Tyrompiskota (pronounced Tee-roh-mpi-SKOH-tah) literally mean cheese biscuits. I made them based on other shortbread cookies I have made in the past by adding cheese and spices.
Tyrini Sunday (Cheesefare or Forgiveness Sunday) is celebrated the last day before the Easter fasting period which also marks the end of the carnival.
Therefore, no meat is eaten but during the whole week before Tyrini.
It is a tradition to eat anything with dairy products, especially cheese and eggs in order to prepare for the great Lent.
In Cyprus the last day before the fasting for Christmas (14th November) and Tyrini, before Easter are called “sikoses”.
Sikoses, from the verb σηκώνω = sikono, which means “to lift” because it is the last day of “Apokries” or carnival, which both mean, abstaining from eating meat.
In this case “sikoses” means lifting non-Lenten food from our tables.
On this day it is a tradition in our house to make Cypriot Ravioles, as my mother did and I continue the tradition because my family love them and who wouldn’t love hand made pasta, filled with halloumi and mint?
What is Tyrini Week?
The beginning of Carnival, which signifies the distancing from meat, starts the week immediately following Meatfare Sunday or Carnival Sunday, the third week of Triodion, known as Tyrini.
Essentially, it is the climax of Carnival, the true Carnival, and is called the Week of Tyrini or or Macaroni Week because, after the cessation of meat consumption and before the great fast of Lent, this intermediate phase intervenes with abundant consumption of foods and sweets based on milk, cheese, and pasta: cheese pies, milk pies, milk pudding, rice pudding, sweet and savory macaroni dishes in creams and butter.
At the end of the post, you will find a lot of recipes to make on Tyrini!
How to make Tyrompiskota
I made these tyrompiskota (cheese cookies) two years ago again on Tyrini, which is this week.
They are very easy to make and taste amazing.
I made these cookies based on other shortbread cookies I have made in the past.
I added two of my favourite cheeses, halloumi and graviera and a combination of various spices and herbs on top, which made them disappear in no time.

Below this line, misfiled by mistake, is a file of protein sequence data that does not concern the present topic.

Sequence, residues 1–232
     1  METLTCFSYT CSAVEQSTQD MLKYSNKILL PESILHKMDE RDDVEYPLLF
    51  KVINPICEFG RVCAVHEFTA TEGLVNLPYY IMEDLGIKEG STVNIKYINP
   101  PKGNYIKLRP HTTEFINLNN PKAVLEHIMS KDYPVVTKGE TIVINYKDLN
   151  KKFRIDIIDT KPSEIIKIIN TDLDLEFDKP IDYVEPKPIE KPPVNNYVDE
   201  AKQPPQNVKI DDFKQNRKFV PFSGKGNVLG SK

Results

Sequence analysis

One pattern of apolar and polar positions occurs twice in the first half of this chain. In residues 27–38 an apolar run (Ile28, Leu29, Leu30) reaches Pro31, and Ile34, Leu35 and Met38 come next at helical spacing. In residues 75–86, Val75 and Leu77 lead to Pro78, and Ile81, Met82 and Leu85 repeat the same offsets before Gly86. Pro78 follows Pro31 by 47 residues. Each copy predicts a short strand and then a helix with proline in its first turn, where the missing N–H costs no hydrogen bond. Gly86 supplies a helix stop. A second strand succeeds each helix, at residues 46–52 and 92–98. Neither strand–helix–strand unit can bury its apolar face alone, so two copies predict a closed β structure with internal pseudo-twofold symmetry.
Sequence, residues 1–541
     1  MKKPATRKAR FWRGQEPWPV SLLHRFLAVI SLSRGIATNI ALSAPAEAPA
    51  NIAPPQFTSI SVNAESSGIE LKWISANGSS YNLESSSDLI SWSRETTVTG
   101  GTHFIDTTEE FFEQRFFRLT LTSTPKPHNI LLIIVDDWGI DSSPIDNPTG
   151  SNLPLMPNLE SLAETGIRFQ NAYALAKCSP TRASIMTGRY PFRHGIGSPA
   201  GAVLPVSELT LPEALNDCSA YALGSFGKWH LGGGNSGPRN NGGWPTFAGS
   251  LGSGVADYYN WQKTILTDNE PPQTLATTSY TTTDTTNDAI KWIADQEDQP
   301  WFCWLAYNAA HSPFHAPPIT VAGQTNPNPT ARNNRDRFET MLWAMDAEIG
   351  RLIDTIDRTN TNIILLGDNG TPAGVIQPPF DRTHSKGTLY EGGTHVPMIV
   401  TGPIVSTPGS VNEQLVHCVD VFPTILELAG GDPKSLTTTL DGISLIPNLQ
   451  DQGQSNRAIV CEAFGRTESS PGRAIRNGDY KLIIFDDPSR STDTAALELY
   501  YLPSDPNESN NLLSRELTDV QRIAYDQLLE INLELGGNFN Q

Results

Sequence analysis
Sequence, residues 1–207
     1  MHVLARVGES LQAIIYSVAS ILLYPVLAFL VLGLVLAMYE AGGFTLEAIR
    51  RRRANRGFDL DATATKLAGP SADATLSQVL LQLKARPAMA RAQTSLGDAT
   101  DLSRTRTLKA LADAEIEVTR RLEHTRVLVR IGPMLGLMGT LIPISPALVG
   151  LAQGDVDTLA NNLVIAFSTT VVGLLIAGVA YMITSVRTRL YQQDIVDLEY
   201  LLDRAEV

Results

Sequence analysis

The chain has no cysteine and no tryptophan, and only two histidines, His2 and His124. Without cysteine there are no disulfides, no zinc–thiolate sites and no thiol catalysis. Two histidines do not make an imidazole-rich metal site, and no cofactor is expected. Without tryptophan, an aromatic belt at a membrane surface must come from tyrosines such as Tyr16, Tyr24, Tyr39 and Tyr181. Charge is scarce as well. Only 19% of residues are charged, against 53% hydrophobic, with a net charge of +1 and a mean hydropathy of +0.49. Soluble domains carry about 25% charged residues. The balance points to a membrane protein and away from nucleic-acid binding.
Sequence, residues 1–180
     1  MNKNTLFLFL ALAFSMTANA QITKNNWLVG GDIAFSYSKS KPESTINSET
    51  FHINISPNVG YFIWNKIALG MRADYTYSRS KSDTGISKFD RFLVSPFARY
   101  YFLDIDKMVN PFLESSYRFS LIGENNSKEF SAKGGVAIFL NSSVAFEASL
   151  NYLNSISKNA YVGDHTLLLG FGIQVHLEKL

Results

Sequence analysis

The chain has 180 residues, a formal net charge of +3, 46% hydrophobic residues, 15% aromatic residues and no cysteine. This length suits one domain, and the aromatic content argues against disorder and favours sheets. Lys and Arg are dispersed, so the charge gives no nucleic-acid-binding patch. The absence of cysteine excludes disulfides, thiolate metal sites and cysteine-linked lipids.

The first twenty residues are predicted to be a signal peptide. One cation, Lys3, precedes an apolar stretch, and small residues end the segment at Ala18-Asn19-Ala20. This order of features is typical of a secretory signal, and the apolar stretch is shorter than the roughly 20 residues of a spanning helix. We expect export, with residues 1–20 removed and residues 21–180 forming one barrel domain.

These cookies are ideal with a cup of coffee or tea but also with a cold beer or a glass of wine.
They are very versatile so the combination of cheeses can vary by adding kefalotyri, kefalograviera, kaskavalli, ladotyri Mytilinis or other hard cheeses and spices which you like best.
Ingredients needed to make Tyrompiskota
- All-purpose flour
- Grated halloumi
- Grated Graviera
- 1 ½ cups all-purpose flour
- ½ cup butter
- ½ cup grated halloumi
- ½ cup graviera
- 1 egg yolk
- Cold water optional
- My spice Mixture
- Fresh rosemary, finely chopped
- Oregano and thyme
- Put both cheeses and 1 cup of flour and salt in a bowl and mix to combine.
- Add butter and mix with your hands.
- Add the egg yolk, mix and then add the remaining half cup of flour gradually until the dough holds together. If necessary add some cold water, a tablespoon at a time until the dough holds together.
- Make it into a roll, wrap in cling film and refrigerate for half an hour.
- Cut them into thin slices with a sharp knife. Place them on parchment paper, sprinkle tops with spices and refrigerate again.
- Preheat oven to 180 o C / 350 o F and bake for 15 – 20 minutes until firm and lightly browned around edges.
- When you can handle them, remove cookies to a wire rack to cool
- Store in an airtight container at room temperature for up to 1 week.
Nutrition InformationYield 20 Serving Size 1
Amount Per Serving Calories 87Total Fat 6gSaturated Fat 3gTrans Fat 0gUnsaturated Fat 2gCholesterol 24mgSodium 56mgCarbohydrates 7gFiber 0gSugar 0gProtein 2g
"These values are automatically calculated and offered for guidance only. Their accuracy is not guaranteed."
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Kopiaste and Kali Orexi,